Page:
“It saddens me when I think about the community members here [RT 5] who often complain about their smelly and not consumable well water,” said Susilo Wibowo, also known as Bowo, the Chief of RT (smallest neighborhood unit) 5 of Pungkursari hamlet in Salatiga urban village, Salatiga city.
What Bowo said is reasonable. Although all households (HH) in RT 5 have toilets in their houses, 38 of 73 HH in this area did not have septic tanks. They disposed of septage from latrines to the river through sewers or directly to the ground. The community members who did not have septic tanks averagely work as laborers and are not able to build their own septic tanks due to financial constraints.
Therefore, Bowo was excited when he heard that the Housing and Settlements Office (Dinas Perkim) of Salatiga city would build a communal Wastewater Treatment Plant (IPAL Komunal) in RT 4 and 5 with a capacity of 20 to 30 HHs in mid 2017. He expected that the community members who did not have septic tanks would use the IPAL Komunal.
IPAL Komunal, or referred to as the Offsite Domestic Wastewater Management System in Settlement Area (SPALD-T Permukiman) based on the Minister of Public Works and Housing Regulation No.4/2017, is a facility to collect septage from the household latrines and can be used by 2-50 HHs. The septage collected in the IPAL Komunal is desludged regularly to avoid the septage overflows. Then, it is transported using a septage truck to a Septage Treatment Plant (IPLT) where the septage is processed further until it meets the domestic wastewater quality standard before being disposed so that it is safe for environment.
However, Bowo’s excitement soon vanished when the community members in RT 4 and 5 living near the IPAL Komunal site rejected the development plan. They worried that the IPAL Komunal would spread the septage smell. Yet, Bowo did not give up easily. Bowo kept assisting Dinas Perkim to promote the benefits of IPAL Komunal to protect the environment and the people’s water sources. He even frequently invited the Health Office, Dinas Perkim, and community leaders, such as the Head of Salatiga urban village to promote IPAL Kommunal in the RT meetings. Bowo also invited the people in RT 5 to observe the IPAL Komunal construction in Kalibening urban village, one of the villages in Salatiga city that received IPAL Komunal from Dinas Perkim in mid 2017.
Bowo was becoming more enthusiastic in promoting IPAL Komunal when participating in the participatory assessment and triggering activities in RT 4 and 5 that USAID IUWASH PLUS conducted in October 2017. These activities are a part of the project supported programs in Salatiga city. The participatory assessment and triggering allows the community members to observe sanitation access in their surroundings and make improvement plans accordingly. This activity is followed with the education on healthy and clean behaviors, as well as on the IPAL Komunal maintenance, such as not disposing of unwanted items to latrines to avoid pipe clogging. Without wasting the opportunity, Bowo used these USAID IUWASH PLUS supported activities to re-assure the community members on the importance of IPAL Komunal.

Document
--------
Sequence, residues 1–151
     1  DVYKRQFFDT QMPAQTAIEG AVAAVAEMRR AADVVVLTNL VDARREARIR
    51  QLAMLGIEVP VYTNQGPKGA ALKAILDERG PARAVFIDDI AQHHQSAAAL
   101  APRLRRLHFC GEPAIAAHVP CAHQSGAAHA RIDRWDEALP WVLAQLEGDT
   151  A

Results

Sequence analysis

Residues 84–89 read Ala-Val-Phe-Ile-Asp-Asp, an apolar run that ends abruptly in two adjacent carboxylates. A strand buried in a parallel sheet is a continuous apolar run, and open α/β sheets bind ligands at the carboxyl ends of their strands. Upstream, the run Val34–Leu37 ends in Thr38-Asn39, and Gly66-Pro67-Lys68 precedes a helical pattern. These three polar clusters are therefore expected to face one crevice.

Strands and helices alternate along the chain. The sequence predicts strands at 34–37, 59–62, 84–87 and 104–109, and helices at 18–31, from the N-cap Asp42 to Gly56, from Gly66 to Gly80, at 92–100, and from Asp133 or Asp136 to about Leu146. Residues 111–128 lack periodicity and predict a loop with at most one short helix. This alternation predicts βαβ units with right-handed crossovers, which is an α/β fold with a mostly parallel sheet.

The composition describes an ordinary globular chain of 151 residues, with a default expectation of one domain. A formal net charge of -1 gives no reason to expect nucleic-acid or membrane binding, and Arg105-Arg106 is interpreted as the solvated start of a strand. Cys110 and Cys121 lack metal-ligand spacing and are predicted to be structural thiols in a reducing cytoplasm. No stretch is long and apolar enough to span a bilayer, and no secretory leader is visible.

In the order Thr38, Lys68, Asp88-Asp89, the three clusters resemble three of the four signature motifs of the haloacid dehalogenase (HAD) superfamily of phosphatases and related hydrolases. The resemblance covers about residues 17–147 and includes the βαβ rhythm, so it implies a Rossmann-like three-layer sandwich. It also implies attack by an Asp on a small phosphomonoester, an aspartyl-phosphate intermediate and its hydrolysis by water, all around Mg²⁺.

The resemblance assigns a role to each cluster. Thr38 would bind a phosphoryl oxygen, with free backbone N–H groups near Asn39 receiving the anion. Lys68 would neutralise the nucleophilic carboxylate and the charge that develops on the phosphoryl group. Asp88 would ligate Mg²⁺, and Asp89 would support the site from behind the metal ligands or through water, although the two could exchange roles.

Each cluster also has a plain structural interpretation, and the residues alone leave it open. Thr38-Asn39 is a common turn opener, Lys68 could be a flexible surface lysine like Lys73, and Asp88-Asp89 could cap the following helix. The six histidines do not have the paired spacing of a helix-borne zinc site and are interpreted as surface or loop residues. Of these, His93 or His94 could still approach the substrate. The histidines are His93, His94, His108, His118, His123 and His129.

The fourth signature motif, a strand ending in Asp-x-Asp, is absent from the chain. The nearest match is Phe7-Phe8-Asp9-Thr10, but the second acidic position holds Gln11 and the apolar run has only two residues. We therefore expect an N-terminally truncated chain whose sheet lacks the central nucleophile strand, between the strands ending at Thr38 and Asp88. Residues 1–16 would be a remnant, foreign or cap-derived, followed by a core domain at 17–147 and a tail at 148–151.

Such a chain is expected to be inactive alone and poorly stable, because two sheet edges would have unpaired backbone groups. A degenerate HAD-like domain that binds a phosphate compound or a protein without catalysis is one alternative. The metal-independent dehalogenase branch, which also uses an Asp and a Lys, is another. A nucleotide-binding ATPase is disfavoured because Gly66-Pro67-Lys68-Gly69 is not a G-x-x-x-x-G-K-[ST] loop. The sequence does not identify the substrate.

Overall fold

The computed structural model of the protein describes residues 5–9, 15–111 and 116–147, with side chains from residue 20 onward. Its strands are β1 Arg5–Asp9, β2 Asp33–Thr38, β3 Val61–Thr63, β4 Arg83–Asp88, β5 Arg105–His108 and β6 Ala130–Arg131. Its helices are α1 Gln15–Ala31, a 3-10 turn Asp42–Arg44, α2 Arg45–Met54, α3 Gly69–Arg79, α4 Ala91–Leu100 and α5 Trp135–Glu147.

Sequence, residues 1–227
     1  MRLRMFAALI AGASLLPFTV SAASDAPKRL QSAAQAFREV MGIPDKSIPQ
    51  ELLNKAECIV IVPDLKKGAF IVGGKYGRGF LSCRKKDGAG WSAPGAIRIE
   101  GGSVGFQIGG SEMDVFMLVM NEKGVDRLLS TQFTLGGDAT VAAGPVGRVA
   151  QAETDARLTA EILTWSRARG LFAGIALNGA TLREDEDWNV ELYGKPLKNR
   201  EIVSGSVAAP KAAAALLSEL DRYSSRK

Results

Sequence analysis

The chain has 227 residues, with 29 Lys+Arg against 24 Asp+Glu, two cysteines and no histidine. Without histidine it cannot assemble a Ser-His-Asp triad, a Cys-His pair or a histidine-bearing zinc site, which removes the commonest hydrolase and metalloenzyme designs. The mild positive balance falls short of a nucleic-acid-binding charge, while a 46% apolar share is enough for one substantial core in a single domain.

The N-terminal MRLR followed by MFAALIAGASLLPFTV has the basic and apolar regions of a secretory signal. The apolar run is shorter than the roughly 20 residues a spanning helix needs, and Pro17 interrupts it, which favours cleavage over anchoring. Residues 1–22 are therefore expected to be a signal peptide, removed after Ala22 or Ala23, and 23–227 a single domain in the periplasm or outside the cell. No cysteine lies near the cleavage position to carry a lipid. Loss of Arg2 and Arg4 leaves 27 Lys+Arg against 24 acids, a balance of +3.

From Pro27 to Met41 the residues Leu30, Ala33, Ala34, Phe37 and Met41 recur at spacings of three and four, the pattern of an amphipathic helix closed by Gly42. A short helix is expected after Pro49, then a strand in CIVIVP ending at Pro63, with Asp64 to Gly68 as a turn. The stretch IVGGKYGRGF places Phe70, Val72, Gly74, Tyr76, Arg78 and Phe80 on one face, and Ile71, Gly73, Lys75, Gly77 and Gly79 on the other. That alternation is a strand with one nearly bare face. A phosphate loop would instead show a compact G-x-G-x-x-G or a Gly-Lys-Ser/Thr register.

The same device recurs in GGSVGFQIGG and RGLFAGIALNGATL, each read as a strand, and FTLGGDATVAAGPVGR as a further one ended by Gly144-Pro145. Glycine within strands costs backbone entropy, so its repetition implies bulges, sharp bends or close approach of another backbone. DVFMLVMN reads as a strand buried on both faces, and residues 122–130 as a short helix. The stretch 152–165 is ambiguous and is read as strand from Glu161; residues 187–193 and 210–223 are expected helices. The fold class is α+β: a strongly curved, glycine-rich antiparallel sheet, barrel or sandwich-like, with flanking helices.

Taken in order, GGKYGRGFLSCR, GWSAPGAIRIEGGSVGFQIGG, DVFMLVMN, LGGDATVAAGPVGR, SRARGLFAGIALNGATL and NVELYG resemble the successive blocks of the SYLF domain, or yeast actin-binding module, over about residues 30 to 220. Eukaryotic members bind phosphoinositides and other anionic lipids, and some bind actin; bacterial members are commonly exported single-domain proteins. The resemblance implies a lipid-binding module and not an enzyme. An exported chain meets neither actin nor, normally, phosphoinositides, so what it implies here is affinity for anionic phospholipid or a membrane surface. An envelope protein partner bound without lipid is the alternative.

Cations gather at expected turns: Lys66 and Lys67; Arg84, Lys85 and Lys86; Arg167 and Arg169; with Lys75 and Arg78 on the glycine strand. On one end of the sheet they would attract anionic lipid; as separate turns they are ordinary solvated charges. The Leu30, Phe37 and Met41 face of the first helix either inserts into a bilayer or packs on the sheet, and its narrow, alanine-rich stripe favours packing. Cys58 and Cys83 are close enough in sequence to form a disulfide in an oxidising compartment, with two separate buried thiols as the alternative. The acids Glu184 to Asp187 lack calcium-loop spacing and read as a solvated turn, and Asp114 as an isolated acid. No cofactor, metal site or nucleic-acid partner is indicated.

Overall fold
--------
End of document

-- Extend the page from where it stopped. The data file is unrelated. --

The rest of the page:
Slowly, Bowo’s persistence paid off. The community members of RT 5 who used to refuse the IPAL Komunal construction plan agreed to get connected to the facility, and help the construction process.
Besides the RT 5 community members, the people of RT 4 who had refused the IPAL Komunal finally agreed to use the facility after listening about the benefits of IPAL Komunal from the RT 4 leaders who participated in the participatory assessment and triggering activities.
Seeing the people’s enormous enthusiasm, Dinas Perkim started to build IPAL Komunal with a bigger capacity, serving 52 HHs in December 2017. Since March 2018, 33 HHs in RT 5 and 19 HHs in RT 4 have been connected to the IPAL Komunal.
“Initially, I worried that the IPAL Komunal would spread the septage smells. But, my concern never happened. Instead, since the IPAL Komunal has been present, the smell of sewers that connect the latrines and rivers do not come into the house. The river is also getting cleaner, said Daroji, a RT 5 community member who has used the facility.
To pay for the fees of IPAL Komunal maintenance and desludging service conducted every two years, every household using the facility agrees to contribute Rp5,000/month. In addition, Bowo and other community leaders joining the Community Based Organization (CBO) are able to maintain the IPAL Komunal regularly, including checking and cleaning control box and grease trap once a week, after receiving the IPAL Komunal operation and maintenance training from USAID IUWASH PLUS.
Bowo admitted that the IPAL Komunal has limited capacity. Therefore, the facility is prioritized for the community members of RT 4 and 5 living near the IPAL Komunal and who did not have septic tanks. Nevertheless, Bowo promises to propose septic tank construction for the households in RT 5 who have yet to get connected to the IPAL Komunal to the Public Works office in 2019.
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